Are There Any Alternatives to OneNote?

Been fielding a good number of private questions as of late regarding tablet options and alternatives to OneNote, specifically Android- and iPad-based ones. Trend seems to be growing, so I thought I should address it publicly. Beats turning it into my email signature.

(Note: the point of this post is not to explain what OneNote is. Maybe I’ll explore that in another post, but it’s been covered plenty by GBM over the years. This is for folks who already use it and are looking for alternatives. Besides, Microsoft already has their own people for that job.

Short answer

Sorry, there are no comparable alternatives to OneNote.

Less short answer

If you’re using OneNote and like the inking and searchability and handwriting conversion and integration of ink and other media (photos, screen grabs, audio, video, any file on your computer), you are out of luck. There are no perfect alternatives to OneNote. Microsoft is literally years and millions of dollars ahead of what little competition there is. No one else can match the experience. At least not yet.

Hope on the horizon

OneNote is a unique entity at the moment, but there are parties to watch for the future. They don’t match OneNote now and maybe they will later. For now at least, they offer lesser alternatives, and if OneNote is too much power for you, maybe one of these will suffice.

HTC Scribe

First on my list is HTC and their Scribe technology for Android tablets. This is the system I tested and demonstrated on the HTC Flyer. Right now, it’s a rough and dirty system that captures handwriting as image files and kicks them to Evernote for storage and OCR. There’s a great write-up on the Evernote Blogcast about this integration.

The huge advantage of this system is ease of use. Touch that pen to the screen and it goes directly into markup mode. Touch the pen to the dedicated button and the pen-based options pop-up. It also allows time- stamped audio capture.

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But again, the handwriting, either as notes or screen markup, is captured as image files. No matter how editable, these simply aren’t going to be as accurately searchable as ink in OneNote, nor is screen markup the same as the integration of ink, screen grabs, text, and other media. There’s also no handwriting to text conversion and no line smoothing (which is a big deal to me). I see great potential for Scribe, but it’s not close to OneNote yet.

iPad options

Warner has covered several note-taking apps for the iPad, such as Pen Ultimate, but these are all essentially drawing apps that are formatted for handwriting. There are also PDF annotation apps, like PDF Expert and iAnnotate, that allow a user to markup digital documents as they might do with paper copies in a meeting. Some can shoot notes to Evernote for storage and OCR, much as HTC Scribe does, or at least do so via email.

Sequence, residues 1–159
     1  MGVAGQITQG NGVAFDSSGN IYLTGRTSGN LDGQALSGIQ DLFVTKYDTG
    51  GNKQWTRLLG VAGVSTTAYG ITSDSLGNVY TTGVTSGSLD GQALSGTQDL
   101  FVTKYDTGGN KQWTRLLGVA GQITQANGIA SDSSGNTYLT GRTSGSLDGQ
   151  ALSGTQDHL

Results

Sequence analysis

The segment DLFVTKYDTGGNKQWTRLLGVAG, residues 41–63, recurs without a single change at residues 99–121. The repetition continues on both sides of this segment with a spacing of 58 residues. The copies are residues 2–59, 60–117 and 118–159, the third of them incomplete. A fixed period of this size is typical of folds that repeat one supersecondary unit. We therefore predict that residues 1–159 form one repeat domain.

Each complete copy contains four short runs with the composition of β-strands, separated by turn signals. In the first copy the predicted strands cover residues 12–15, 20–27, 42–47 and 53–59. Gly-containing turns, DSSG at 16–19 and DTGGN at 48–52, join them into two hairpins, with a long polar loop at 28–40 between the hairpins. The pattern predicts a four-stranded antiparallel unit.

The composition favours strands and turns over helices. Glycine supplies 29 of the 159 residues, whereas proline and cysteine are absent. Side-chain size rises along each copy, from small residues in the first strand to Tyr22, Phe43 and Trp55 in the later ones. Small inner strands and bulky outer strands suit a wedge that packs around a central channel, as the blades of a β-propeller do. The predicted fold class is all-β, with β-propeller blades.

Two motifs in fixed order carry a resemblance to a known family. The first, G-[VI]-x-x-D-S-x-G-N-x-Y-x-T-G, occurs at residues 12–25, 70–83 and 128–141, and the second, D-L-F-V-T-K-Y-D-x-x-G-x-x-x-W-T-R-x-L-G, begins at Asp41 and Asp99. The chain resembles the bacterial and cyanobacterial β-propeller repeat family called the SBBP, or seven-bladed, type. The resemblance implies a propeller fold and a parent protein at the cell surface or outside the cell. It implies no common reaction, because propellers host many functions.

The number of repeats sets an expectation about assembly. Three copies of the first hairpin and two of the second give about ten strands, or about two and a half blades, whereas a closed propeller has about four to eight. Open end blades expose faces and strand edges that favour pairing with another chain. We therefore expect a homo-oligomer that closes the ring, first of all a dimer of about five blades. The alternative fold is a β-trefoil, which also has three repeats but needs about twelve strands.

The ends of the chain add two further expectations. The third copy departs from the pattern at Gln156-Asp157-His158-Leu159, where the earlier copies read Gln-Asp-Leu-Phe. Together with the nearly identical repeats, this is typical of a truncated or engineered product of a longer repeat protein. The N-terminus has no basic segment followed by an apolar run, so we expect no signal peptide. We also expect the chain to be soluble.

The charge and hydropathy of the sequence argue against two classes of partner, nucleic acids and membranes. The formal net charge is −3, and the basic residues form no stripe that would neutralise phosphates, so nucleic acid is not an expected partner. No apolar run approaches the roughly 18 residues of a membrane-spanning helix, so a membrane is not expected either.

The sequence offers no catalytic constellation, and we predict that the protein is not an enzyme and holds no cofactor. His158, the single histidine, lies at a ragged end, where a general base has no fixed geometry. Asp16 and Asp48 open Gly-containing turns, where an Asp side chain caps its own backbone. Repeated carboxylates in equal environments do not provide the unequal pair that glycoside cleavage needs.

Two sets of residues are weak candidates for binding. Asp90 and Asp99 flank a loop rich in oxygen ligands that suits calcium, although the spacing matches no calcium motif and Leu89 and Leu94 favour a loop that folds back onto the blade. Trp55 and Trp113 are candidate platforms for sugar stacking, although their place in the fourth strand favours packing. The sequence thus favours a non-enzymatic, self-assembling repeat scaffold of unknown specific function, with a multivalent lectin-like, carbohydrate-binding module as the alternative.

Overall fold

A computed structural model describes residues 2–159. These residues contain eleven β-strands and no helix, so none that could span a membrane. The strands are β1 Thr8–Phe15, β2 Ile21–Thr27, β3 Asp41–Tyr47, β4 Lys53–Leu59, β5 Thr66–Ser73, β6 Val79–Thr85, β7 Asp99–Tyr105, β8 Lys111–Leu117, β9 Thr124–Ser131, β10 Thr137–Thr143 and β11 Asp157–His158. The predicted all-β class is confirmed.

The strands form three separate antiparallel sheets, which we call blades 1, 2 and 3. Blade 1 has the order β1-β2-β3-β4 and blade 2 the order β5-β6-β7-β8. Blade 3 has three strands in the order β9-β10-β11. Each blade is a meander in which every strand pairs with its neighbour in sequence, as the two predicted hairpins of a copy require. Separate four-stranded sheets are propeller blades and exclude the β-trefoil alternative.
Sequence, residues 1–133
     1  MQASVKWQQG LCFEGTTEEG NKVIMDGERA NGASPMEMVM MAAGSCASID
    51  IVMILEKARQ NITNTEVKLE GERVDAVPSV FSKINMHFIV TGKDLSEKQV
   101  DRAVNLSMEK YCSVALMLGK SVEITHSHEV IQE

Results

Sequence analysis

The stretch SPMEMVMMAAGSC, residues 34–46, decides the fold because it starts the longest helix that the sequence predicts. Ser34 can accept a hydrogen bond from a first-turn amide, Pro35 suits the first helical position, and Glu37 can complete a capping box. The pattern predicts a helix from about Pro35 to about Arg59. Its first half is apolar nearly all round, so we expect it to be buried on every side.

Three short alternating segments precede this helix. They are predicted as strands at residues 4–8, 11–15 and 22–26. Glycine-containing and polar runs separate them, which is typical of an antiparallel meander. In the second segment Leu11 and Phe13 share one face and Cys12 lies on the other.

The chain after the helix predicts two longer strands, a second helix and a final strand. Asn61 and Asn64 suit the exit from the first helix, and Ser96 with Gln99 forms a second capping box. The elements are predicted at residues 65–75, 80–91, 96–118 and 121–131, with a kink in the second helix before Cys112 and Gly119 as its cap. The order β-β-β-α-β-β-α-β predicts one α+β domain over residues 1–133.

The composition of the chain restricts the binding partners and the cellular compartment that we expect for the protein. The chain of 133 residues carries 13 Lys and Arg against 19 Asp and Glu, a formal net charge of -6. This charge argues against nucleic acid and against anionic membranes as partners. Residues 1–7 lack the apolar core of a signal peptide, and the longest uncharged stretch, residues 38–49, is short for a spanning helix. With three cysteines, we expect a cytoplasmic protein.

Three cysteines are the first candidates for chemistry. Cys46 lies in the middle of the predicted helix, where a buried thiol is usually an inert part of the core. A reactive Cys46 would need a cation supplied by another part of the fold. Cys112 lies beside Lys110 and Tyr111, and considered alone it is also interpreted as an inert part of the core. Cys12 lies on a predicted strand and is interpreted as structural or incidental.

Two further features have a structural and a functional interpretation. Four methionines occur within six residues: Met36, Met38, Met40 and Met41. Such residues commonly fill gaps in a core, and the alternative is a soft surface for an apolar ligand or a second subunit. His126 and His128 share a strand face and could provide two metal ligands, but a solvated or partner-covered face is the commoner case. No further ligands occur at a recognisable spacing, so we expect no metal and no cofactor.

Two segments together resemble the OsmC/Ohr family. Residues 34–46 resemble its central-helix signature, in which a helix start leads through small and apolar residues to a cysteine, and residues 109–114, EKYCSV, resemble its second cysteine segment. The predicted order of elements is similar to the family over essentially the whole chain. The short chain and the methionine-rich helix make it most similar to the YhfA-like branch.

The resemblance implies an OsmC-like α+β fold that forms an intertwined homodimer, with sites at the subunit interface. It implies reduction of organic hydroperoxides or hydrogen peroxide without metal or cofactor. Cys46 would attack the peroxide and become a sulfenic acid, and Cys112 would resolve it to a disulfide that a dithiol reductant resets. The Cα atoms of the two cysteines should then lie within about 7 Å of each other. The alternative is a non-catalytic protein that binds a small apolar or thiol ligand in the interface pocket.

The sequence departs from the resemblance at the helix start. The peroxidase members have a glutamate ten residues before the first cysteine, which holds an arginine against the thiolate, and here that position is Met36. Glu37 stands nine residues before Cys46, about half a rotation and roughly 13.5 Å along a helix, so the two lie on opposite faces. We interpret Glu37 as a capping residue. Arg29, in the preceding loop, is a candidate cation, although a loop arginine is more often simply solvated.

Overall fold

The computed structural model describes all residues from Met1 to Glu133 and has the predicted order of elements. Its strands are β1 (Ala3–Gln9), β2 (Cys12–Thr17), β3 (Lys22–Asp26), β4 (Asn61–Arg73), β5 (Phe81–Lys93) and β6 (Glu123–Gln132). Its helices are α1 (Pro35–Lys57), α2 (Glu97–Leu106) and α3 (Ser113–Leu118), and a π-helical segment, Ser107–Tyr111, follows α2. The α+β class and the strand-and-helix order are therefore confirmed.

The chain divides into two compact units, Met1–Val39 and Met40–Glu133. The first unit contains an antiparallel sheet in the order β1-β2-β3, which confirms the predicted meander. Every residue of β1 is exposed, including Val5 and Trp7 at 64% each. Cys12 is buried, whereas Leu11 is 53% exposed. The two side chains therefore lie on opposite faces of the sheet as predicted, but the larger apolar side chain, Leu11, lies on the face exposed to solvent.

These apps are fine for their limited purposes, but again, they come up short to the full power of OneNote. Worst of all, the iPad, unlike HTC tablets with Scribe, does not offer active pen input. That is to say, it treats a stylus no differently than a finger, while HTC Scribe tablets can detect their special pens and react differently than they would to a finger, such as triggering screen markup when the pen is touched to the screen. Doesn’t matter how good the stylus is, and we’ve reviewed plenty of great (and not so great) ones, it won’t be as accurate or useful as active pen input.

eReaders

I thoroughly believe pen input is the next logical step in the evolution of eReaders. These devices are supposed to replace paper books, then they should replicate the full experience, right down to being marked up by pen. Where do people typically write notes? On loose sheets of paper? No, in notebooks.

Unfortunately, this idea has yet to take off. Devices like the BeBook Neo are designed primarily for annotating books. The dual-screen enTourage eDGe with pen input on its e-ink side is ended. eReaders have yet to fully embrace pen input, let alone offer OneNote-level searchability and media integration. The future of pen input on eReaders is bleak.

Windows-based alternatives

On Windows-based tablets, the competition for OneNote has narrowed down to Evernote and it is no longer the inking powerhouse it once was. The company has refocused the product into a catch-all, a “memory drawer”. Its big strengths now are storage, search, accessibility and versatility (all of which OneNote matches quite solidly). Ink notes are available in the Windows desktop application, but these are akin to writing on yellow notepads, not like the infinite notebook metaphor of OneNote. (And I don’t really care for how the Evernote inking works.)

There is also Windows Journal, the “Wordpad to MS Word” equivalent to OneNote. This is my personal note-taking app of choice. It’s neither as powerful nor as versatile as OneNote, but I enjoy its simplicity (and never cared for paper notebooks, so that metaphor in OneNote does not appeal to me). It also has the advantage of using Microsoft’s inking system, same as OneNote.

Summary

So while there are plenty of ways to write and annotate on nearly any tablet computer, the power of OneNote is currently unmatched. I have great hope for HTC Scribe, but that system is still in its infancy. The iPad has plenty of software options but is hampered by its lack of active pen input. eReaders seem to be fizzling out before they can grow into true book replacements. Alternative applications for Windows tablets are fewer and further between. Not saying you can’t find a good note-taking experience on other tablets with other apps or that it you won’t enjoy them better than OneNote. I don’t need all that power for my notes either. But for that OneNote experience, nothing I’ve seen comes close.

Of course, “Tablet Computing 2.0″ is still in its early years. Touch input is on top, but pen input, I believe, will eventually emerge as an important differentiator. Microsoft has a lot invested in this and HTC is chasing behind them. It may never be “the next big thing” but true pen input can definitely be that one tipping point feature that the other guy doesn’t have